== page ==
- providing, in the duct, a thermal mass having a high heat capacity to absorb heat from an air stream of the duct, or release heat to the air stream of the duct, wherein the thermal mass has fins on a first surface and a second surface, wherein transferring the heat comprises exposing fins of only the first surface to the air stream, the fins of the first surface extending on a direction parallel to a direction of the air stream in the duct to form a channel for the air stream;

- displacing the thermal mass out of the duct to expose the thermal mass to outside, comprising exposing fins of only the second surface to the outside, to absorb heat from the outside, or release heat thereto; and

- providing a seal around the thermal mass to seal the duct from the outside around the thermal mass.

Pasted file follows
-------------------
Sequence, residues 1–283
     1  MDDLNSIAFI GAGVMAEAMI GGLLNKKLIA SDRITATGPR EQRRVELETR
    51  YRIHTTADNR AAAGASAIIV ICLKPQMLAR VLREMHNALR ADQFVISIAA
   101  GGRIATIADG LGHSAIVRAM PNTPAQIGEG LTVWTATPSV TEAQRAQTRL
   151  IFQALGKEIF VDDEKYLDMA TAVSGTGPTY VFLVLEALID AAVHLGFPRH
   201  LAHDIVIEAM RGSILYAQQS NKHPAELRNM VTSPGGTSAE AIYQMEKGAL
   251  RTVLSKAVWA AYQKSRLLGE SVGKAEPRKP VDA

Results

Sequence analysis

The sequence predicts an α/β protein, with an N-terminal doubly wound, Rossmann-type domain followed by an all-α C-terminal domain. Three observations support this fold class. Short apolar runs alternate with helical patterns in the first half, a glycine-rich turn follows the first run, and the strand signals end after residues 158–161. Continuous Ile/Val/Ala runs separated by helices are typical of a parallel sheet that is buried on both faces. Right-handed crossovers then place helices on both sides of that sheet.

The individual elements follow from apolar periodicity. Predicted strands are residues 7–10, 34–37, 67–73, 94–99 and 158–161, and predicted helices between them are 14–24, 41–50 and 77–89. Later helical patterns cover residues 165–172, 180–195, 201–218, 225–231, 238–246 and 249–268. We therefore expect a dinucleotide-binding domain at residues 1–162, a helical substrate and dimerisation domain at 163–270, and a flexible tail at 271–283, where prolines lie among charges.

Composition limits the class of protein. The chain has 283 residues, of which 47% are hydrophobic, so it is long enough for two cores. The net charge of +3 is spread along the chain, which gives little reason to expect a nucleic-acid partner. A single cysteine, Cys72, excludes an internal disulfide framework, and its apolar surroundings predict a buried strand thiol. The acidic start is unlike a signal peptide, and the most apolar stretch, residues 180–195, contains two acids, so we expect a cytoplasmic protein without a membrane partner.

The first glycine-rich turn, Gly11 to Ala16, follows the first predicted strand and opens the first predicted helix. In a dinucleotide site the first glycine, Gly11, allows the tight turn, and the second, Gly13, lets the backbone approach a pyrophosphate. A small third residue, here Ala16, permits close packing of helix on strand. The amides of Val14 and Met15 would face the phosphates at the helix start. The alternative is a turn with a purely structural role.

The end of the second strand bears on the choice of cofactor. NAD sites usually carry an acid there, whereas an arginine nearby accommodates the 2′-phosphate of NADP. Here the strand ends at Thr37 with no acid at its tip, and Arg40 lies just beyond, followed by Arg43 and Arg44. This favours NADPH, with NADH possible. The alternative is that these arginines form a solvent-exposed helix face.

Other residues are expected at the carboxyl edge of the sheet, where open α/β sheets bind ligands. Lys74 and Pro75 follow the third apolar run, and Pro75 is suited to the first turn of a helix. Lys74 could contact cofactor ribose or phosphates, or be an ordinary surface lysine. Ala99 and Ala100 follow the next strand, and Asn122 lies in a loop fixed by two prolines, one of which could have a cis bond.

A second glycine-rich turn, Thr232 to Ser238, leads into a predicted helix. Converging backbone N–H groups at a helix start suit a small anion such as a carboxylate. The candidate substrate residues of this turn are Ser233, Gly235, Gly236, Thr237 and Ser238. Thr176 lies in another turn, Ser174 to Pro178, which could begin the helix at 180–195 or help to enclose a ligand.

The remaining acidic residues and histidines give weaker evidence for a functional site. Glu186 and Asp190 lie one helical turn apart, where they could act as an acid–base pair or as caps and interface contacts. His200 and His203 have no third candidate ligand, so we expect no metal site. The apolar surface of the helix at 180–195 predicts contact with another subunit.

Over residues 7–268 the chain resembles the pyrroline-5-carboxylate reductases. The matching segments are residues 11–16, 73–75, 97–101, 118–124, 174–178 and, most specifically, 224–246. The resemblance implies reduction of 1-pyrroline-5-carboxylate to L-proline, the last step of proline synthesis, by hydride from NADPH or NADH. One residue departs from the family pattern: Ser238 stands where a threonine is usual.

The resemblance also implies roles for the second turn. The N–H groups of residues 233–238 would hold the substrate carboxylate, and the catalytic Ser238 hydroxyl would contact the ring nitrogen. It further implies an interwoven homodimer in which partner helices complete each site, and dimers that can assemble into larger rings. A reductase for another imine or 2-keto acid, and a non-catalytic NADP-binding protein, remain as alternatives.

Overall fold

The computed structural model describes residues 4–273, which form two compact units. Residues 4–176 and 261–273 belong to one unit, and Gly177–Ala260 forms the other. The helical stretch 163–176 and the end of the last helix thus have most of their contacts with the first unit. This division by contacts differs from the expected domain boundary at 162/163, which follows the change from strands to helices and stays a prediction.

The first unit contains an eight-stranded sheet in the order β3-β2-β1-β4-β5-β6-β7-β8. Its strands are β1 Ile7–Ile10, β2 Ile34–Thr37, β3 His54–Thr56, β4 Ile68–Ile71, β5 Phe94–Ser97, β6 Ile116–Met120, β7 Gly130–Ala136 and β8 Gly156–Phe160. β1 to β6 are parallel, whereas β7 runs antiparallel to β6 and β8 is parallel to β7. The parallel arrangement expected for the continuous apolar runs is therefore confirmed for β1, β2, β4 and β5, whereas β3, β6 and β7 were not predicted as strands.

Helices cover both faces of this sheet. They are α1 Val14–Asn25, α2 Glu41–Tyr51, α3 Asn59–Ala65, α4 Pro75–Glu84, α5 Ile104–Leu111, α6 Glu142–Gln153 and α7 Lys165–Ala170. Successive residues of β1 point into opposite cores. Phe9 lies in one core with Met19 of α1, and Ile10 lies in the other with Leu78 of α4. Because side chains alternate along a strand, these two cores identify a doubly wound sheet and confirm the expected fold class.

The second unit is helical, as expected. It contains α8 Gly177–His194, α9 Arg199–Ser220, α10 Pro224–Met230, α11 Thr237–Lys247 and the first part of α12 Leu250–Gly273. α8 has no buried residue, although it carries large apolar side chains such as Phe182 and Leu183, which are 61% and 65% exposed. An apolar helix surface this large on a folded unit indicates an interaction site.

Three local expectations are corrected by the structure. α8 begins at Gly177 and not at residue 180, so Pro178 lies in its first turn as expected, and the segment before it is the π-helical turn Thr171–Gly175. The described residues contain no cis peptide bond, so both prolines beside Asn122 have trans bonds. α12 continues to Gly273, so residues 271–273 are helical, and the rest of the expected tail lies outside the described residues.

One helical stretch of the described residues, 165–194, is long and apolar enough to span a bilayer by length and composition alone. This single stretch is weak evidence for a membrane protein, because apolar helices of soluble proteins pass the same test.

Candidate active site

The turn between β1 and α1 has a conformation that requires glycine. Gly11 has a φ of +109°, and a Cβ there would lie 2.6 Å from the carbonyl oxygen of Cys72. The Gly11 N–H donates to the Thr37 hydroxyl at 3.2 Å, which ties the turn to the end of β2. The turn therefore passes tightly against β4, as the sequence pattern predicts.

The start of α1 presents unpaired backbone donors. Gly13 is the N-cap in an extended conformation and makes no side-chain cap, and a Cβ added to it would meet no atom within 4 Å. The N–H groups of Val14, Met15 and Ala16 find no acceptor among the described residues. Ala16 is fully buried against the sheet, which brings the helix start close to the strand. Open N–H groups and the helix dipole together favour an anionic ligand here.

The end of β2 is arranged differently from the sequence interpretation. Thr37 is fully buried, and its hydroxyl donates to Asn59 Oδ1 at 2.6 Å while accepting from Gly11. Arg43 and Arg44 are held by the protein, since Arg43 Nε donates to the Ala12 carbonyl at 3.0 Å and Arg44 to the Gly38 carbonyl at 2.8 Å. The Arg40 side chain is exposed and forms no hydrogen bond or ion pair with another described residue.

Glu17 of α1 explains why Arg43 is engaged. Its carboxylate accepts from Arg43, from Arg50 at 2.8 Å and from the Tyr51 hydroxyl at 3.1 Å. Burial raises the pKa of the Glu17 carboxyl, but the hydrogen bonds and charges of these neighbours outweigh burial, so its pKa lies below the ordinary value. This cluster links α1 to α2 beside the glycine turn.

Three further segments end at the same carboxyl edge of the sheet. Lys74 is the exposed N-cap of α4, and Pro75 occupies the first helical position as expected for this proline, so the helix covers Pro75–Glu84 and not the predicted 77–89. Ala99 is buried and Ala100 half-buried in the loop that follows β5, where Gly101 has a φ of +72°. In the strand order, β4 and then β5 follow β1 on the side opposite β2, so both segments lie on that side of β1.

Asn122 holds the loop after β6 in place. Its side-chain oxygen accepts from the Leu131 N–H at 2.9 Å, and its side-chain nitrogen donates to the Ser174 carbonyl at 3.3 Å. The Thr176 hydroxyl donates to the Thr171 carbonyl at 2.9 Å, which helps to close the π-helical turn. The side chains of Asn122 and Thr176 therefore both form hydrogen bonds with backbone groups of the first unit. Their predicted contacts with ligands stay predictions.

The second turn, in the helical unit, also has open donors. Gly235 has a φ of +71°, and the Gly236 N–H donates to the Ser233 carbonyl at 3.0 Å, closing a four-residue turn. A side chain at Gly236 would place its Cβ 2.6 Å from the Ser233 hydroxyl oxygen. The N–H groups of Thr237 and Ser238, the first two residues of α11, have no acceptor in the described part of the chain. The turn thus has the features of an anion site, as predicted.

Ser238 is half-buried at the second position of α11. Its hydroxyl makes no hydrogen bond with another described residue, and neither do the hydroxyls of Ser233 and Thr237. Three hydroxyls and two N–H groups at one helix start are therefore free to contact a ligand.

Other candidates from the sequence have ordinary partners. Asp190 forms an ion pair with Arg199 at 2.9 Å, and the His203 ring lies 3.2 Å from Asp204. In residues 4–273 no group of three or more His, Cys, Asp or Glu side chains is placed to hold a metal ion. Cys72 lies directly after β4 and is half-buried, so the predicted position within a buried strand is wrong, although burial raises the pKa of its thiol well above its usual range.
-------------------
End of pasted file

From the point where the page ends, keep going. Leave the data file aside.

[0025] According to another aspect of the invention, there is provided a method for transferring heat in a duct comprising:

- providing, in the duct, a thermal mass comprising an enclosure to contain a fluid having a high heat capacity to absorb heat from an air stream of the duct, or release heat to the air stream of the duct, wherein the thermal mass has fins on a first surface and a second surface, wherein transferring the heat comprises exposing the fins to the air stream, the fins extending on a direction parallel to a direction of the air stream in the duct to form a channel for the air stream;